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ED can’t intervene in Mumbai Police closure report giving clean chit to Ajit Pawar: Court

The EOW had said that ED had no locus standi to interfere in the proceedings of another investigating agency.

Written by Sadaf Modak | Mumbai | Updated: November 27, 2020 11:47:51 am
Chandrakant Patil draws flak for remarks on Sharad PawarDeputy Chief Minister Ajit Pawar.

A special court on Thursday rejected an intervention application filed by the Enforcement Directorate (ED) against the clean chit given by the Mumbai Police’s Economic Offences Wing (EOW) to Deputy Chief Minister Ajit Pawar and over 70 others in the Maharashtra State Cooperative Bank (MSCB) alleged fraud case.

The EOW had filed a nearly 70,000-page C-summary closure report last month stating that it had found no irregularities in the case. The ED had opposed the report stating that a probe was required to establish conflict of interest of authorities involved in the case. It had maintained that the court should not accept the report and the investigation should continue.

The EOW had said that ED had no locus standi to interfere in the proceedings of another investigating agency. Alleging that ED was taking “undue interest” in the case, it had further said that the investigating officer had carried out a detailed probe and also considered two letters sent by the ED in May and August regarding the probe.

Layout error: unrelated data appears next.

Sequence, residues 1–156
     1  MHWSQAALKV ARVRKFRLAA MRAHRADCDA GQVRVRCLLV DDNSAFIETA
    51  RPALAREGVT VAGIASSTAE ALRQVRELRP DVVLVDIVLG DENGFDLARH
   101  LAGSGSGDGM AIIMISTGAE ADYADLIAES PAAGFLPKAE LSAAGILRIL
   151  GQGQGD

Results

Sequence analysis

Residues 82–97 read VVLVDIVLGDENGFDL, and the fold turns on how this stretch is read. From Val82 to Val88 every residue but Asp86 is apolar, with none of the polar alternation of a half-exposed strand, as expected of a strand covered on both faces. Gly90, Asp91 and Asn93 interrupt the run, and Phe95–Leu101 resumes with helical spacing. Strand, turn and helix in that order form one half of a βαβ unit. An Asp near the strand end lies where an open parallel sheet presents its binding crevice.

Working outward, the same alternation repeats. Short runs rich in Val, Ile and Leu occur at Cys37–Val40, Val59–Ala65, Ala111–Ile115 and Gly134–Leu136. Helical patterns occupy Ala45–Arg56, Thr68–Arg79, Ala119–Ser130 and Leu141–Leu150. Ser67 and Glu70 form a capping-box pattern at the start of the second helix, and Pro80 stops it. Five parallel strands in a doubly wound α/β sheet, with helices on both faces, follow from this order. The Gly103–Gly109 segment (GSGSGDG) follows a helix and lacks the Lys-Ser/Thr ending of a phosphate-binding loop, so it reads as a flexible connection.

The ED is probing a separate complaint in the same case pertaining to allegations of money laundering. The complaint arises out of the EOW FIR. The ED had submitted that if the closure report filed by the EOW is accepted by the court, it would cause “serious prejudice” and “interference” in its case.

The EOW had started a probe into the case after it received directions from the Bombay High Court based on a petition filed by an individual named Surinder Arora through his lawyer Subash Talekar. It was claimed that there were irregularities in the loan transactions of sugar cooperative banks from 2002 till 2017 and a probe should be initiated against their directors and members, who included politicians of Maharashtra. The charges invoked in the FIR were that of cheating, forgery and criminal conspiracy under the IPC and the Prevention of Corruption Act.

The complaint had claimed that loans were given without following specific procedure, resulting in losses affecting the rural economy. The PIL had also claimed that till 2006, there were 202 sugar cooperatives in the state, of which, while 116 were running in losses, 74 had negative worth and 31 had been shut.

The EOW in its closure report had said that accurate security deposits were taken during the loan transactions and specific allegations – procedures not being followed while granting loans, legal recourse not taken for non-repayment and loans being given at the end of financial year – are of a civil nature and a criminal offence cannot be made out of them.

The ED in its intervention plea had said that probe was required in at least two transactions of the MSCB, including one involving relatives of Ajit Pawar, who was then the director of the bank.

The EOW, in its reply, also said that ED’s interference was “unwarranted”. It referred to a similar order where the court had refused ED’s intervention in the Jet Airways probe by the Mumbai Police.

Meanwhile, protest petitions filed opposing the EOW’s closure report by the original complainant, Surinder Arora, will be heard separately by the court next month. It had directed him to file a detailed petition on the report.

Others claiming to be part of the cooperative sugar factories have also filed protest petitions stating that the nexus and involvement of politicians should be probed. After hearing the protest petition, the court will decide whether to accept or reject the closure report.

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